Harvey G. Stack, leading rare coin dealer, dies at 93
“I worked practically every moment I wasn’t in school,” he wrote in a story for the company.
The company, founded by his great-grandfather Maurice in the 19th century, dabbled in numismatics, buying and selling collectible coins and currencies in addition to their primary function as a foreign exchange dealer. It later diversified into dealing in antiques and rare stamps.
In 1935, after converting the business into a rare coin dealership, Morton and Joseph Stack held their first public auction. In 1953, Stack moved to a gallery on 57th Street in Midtown Manhattan. (It is now on 38th Street and has galleries in other cities.)
In 2011, Stack’s merged with Bowers & Merena to form Stack’s Bowers Galleries.
Mr. Stack served as President of the Professional Numismatists Guild for two years beginning in 1989. In 1993 he received the Founder’s Award, the Guild’s highest honor.
In addition to his son, he is survived by his wife Harriet (Spellman) Stack; his daughter Susan; two grandchildren; and five great-grandchildren. He lived on Long Island.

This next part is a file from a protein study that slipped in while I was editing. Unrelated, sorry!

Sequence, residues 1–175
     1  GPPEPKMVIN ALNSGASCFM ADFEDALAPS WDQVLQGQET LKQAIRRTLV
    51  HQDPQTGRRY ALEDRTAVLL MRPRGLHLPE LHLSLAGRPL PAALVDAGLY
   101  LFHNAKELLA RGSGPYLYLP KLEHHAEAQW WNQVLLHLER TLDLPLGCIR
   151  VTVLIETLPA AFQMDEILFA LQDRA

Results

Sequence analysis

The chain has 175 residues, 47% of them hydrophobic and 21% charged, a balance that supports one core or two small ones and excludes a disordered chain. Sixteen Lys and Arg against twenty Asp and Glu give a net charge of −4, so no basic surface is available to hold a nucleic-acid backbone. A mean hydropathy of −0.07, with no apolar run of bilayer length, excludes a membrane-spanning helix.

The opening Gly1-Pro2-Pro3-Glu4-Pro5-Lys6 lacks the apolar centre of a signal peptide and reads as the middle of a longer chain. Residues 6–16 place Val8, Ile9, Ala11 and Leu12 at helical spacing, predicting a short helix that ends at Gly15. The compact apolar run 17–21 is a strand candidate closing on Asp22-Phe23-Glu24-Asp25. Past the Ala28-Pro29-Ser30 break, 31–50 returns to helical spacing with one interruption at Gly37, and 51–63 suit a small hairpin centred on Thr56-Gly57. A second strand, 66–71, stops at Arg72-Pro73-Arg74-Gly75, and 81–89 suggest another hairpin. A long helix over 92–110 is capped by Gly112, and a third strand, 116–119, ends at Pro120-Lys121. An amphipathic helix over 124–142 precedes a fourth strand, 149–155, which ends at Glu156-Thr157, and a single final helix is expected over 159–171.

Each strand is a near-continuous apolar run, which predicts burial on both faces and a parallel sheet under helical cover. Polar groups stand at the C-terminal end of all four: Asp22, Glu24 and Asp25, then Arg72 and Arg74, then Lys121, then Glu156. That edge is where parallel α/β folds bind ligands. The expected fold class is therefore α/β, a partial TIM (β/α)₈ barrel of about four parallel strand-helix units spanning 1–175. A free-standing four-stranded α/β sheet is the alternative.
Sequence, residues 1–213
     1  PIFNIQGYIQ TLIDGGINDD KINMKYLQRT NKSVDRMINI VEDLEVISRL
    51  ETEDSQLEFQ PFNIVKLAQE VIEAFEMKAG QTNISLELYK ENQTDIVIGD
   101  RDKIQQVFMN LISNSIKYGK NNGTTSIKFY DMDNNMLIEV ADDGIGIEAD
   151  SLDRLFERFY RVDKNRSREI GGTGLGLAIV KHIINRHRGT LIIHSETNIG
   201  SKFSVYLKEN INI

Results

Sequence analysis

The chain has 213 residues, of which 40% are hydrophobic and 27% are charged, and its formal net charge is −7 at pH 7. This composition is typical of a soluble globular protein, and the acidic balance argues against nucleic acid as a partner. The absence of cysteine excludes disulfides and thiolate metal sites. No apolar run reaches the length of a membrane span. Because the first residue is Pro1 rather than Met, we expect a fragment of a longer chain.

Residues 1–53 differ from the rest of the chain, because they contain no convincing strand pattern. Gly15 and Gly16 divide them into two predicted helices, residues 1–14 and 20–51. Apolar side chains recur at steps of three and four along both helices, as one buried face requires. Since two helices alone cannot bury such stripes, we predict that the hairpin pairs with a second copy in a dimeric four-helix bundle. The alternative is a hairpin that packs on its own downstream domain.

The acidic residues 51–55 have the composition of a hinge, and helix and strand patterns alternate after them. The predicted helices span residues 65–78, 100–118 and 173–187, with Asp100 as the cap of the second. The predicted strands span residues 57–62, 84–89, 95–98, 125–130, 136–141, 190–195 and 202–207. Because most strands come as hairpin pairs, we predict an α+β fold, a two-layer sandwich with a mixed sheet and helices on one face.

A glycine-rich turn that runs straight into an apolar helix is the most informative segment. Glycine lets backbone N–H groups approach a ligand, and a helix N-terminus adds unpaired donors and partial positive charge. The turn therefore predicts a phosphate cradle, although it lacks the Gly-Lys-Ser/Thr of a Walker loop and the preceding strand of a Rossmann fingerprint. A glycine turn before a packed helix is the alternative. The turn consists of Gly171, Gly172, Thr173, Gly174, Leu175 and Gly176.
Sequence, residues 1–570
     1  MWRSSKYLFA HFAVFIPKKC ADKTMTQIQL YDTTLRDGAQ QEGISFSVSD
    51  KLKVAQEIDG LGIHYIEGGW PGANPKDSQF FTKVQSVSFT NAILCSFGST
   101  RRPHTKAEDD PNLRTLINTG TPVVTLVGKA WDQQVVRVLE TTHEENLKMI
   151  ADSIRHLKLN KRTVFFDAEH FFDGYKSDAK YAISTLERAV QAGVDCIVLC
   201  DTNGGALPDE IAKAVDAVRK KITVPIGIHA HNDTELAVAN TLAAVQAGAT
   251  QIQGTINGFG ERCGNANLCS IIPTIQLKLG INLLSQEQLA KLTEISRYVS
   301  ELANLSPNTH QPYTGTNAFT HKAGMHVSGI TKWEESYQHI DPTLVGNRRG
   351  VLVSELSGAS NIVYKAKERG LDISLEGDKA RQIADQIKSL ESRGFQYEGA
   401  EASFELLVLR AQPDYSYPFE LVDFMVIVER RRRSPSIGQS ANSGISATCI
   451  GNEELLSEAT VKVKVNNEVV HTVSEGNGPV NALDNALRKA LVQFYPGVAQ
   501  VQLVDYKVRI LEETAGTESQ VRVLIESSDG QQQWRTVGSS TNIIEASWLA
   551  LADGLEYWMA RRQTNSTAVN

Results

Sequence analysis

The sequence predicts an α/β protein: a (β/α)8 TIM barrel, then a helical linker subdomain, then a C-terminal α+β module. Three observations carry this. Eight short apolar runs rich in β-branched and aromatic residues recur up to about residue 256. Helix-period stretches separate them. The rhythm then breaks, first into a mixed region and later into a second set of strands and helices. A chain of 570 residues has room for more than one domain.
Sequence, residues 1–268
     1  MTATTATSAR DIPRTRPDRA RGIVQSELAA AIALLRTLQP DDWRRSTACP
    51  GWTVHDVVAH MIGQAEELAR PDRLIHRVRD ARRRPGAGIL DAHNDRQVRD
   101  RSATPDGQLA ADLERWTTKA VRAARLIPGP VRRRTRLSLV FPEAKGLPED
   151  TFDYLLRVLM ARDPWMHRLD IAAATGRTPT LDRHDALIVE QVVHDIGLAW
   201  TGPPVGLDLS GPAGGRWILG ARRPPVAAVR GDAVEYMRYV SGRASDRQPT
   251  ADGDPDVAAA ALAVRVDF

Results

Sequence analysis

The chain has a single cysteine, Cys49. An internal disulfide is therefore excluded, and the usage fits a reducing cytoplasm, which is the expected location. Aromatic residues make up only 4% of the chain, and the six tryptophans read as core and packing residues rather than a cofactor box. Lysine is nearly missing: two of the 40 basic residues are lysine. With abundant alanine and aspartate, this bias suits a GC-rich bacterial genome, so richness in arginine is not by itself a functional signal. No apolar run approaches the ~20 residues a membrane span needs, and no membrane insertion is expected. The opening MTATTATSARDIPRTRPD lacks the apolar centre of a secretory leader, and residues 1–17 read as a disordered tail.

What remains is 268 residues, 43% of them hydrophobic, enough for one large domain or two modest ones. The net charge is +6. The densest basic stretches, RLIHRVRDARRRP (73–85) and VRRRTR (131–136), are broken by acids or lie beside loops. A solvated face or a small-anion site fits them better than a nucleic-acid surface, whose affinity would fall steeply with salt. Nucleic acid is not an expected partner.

Stack’s Gallery has been viewed by many coin dealers and collectors as a welcoming global clubhouse. But Mr. Stack was not shy about promoting the company’s financial success.
“There are people who sell bars of gold and silver and rolls and sacks of coins who call themselves coin dealers, and some of them probably do deals worth over $100 million a year,” he told the New York Times in 1984. “However, when you say ‘rare coin dealer’ and talk about companies that sell both direct and at auction, we are the largest coin dealer in the United States.”
He distinguished between coin collectors, whom he eagerly courted, and investors.
“If a collector and investor had to abandon a sinking ship, the collector would take with him the rarest and most aesthetically pleasing pieces, regardless of market value,” he told the Times in 1977. “The investor would try to take away as much of their coins as possible, starting with the most valuable ones.”